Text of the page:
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    Sincerely,

    William McCormick
    If I wasn't so.....crazy, I wouldn't try to act normal, and you would be afraid.

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    Re: Stair Railing Layout and Measuring

    There is no rule that says the rise and run of the steps has to match the actual pitch of the step.

    How do you measure 10 foot rise steps inside a house?

    Nice rails. Compound bend, well done. Oh, you removed a similar rail. looks like water infiltration/ freeze in balusters, newel and bottom rail.
    Last edited by tapwelder; 04-22-2020 at 03:37 AM.

  20. #15
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    Re: Stair Railing Layout and Measuring

    My point, no shame in using a digital level or angle finder. It is easier to use and versatile and can be consistently used.

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    Re: Stair Railing Layout and Measuring

    my tip for a guy just starting out is to learn all you can about laying out iron. anyone can run a bead or hold a cutting torch. i worked with master layout guys that used nothing more than soapstone and the top of the bench to do stair and rail calculations. even these guys propped up a section like you described if they thought something wasn't right.
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    Re: Stair Railing Layout and Measuring

    Quote Originally Posted by tapwelder View Post
    There is no rule that says the rise and run of the steps has to match the actual pitch of the step.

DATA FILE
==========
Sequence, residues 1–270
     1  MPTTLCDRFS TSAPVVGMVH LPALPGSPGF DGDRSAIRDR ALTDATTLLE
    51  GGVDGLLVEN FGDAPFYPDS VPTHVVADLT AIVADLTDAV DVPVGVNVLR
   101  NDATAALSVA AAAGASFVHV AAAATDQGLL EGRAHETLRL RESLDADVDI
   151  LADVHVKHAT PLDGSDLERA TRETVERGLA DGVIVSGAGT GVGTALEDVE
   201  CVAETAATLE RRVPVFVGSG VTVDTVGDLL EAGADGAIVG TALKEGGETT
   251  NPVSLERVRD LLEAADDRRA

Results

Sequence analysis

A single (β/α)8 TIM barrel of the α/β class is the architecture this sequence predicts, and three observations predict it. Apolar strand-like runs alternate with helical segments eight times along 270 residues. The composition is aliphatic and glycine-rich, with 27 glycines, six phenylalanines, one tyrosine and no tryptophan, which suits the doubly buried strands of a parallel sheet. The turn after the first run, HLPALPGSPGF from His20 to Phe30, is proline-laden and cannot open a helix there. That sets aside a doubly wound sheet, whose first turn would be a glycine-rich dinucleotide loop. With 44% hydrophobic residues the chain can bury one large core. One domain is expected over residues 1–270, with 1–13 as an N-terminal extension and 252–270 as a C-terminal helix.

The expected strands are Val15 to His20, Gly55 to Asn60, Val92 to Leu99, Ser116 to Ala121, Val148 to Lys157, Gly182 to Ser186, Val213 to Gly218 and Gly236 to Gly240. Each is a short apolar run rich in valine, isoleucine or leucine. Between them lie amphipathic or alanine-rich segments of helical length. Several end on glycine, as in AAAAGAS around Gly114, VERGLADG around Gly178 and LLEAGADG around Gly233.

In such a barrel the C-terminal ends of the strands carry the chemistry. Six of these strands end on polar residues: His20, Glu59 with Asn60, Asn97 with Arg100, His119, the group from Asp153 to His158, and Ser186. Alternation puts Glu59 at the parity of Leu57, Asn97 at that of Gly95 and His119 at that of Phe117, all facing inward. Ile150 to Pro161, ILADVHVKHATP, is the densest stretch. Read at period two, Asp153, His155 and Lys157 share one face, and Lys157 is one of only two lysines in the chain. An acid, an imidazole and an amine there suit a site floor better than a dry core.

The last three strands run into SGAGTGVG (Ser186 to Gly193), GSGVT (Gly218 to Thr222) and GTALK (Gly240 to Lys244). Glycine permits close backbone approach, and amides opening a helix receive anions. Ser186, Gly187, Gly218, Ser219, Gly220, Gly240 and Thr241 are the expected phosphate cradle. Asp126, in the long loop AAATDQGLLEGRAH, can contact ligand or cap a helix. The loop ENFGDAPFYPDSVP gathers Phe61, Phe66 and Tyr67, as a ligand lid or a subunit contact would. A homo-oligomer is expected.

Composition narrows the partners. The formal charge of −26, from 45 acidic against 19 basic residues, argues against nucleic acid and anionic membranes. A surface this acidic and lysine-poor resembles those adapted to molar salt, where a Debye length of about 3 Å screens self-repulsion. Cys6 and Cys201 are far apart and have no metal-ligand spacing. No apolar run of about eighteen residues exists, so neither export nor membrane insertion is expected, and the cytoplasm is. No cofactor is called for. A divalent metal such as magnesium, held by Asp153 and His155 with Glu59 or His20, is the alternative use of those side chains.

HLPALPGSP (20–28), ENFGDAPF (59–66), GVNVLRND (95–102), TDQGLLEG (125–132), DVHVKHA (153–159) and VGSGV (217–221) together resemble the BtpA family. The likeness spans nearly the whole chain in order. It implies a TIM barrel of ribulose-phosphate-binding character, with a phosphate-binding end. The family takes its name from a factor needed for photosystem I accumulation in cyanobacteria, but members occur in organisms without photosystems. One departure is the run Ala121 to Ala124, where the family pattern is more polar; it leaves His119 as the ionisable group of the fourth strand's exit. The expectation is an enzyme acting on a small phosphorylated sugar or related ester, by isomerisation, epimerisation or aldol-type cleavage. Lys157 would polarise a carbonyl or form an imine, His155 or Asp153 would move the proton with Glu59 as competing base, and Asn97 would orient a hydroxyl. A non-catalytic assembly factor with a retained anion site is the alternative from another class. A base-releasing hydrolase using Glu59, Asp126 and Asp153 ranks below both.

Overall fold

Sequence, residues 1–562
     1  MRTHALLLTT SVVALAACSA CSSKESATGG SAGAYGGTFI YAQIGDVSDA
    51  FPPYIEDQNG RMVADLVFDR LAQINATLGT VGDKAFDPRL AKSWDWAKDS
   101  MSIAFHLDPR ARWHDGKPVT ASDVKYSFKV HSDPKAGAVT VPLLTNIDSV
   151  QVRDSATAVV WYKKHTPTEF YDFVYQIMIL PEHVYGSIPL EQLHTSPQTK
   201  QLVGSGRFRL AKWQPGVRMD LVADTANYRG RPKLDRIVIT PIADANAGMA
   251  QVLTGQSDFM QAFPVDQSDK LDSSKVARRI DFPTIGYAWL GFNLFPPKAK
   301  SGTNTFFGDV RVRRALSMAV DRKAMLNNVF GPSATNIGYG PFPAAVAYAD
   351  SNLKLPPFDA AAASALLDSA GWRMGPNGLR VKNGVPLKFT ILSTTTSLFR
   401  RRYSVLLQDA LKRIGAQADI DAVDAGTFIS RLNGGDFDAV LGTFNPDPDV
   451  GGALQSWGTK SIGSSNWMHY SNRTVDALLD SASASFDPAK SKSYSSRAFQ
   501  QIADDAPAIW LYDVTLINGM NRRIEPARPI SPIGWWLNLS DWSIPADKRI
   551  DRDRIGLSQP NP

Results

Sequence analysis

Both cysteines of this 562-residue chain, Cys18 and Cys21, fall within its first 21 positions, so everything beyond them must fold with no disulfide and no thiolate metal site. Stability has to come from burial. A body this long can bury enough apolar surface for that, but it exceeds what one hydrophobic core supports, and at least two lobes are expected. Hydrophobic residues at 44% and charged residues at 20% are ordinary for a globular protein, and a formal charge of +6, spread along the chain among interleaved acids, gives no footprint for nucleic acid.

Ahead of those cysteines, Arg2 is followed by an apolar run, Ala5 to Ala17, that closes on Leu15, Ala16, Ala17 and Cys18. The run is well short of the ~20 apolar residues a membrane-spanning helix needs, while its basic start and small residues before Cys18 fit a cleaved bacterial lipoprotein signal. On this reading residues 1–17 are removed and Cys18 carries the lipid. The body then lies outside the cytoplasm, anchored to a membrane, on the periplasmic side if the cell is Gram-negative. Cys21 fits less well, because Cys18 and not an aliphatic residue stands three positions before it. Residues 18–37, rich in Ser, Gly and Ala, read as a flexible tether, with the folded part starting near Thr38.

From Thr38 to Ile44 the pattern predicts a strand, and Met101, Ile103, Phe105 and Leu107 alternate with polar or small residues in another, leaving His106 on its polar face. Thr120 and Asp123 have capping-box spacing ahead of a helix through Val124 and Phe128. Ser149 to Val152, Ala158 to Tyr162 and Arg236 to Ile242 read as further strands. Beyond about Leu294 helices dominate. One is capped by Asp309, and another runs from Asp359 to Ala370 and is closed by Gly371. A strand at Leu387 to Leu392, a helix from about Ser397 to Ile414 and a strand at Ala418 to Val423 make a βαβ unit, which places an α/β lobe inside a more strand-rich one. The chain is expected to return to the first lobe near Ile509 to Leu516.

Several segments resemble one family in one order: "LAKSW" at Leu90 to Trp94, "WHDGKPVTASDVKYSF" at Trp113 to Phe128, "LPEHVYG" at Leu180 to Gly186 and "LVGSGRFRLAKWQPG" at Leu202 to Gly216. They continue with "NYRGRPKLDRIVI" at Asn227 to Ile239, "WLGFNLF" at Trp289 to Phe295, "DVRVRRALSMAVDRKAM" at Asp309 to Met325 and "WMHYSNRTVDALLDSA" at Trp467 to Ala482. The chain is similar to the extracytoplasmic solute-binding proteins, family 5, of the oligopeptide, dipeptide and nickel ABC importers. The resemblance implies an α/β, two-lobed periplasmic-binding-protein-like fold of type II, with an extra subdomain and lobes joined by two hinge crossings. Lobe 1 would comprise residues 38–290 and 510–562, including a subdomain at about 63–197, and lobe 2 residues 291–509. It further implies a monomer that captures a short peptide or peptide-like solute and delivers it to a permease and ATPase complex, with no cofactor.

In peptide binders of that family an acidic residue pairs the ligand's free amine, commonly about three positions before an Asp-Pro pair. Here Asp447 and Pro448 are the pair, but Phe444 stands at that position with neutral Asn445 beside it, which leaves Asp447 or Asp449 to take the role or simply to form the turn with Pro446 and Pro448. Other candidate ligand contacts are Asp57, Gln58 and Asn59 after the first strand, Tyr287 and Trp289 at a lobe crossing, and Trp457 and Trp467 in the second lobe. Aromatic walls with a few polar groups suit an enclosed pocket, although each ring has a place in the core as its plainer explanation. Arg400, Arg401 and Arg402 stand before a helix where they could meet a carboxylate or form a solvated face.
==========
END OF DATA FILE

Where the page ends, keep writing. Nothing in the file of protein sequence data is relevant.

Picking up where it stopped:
How do you measure 10 foot rise steps inside a house?

    Nice rails. Compound bend, well done. Oh, you removed a similar rail. looks like water infiltration/ freeze in balusters, newel and bottom rail.
    I can just measure up to the ceiling and add the last top step which is often different than the rest of the steps for many reasons. From the stair guy making the top step, less in rise on purpose for future flooring thickness that never happened. To a lot of guys that do not want the first step to a be a low step, they say it is better for the first top step to not be a low step to allow for entering the staircase safely. I kind of agree with this and it is better than creating a low first step. And the occasional mud job that makes the top step higher in rise than the rest. If I am putting balusters at different places on the steps then I measure each and every step. And to my surprise, You can find 3/8" different in tread heights and an inch in tread runs. The reason I was surprised is that I have seen how they make them and I have made them myself, they are usually very accurate. Where you have to continue after you reach the top this is very important to make sure the top step is not different than the rest. Or else you cannot hit your rail heights and have it break exactly at the top step, without knowing it is not symmetrical. On a nice job we dip with an arc from the top platform to the stairs to cut down on the opening above the stairs. It also hides the top tread difference.


    Sincerely,

    William McCormick
    If I wasn't so.....crazy, I wouldn't try to act normal, and you would be afraid.

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    Re: Stair Railing Layout and Measuring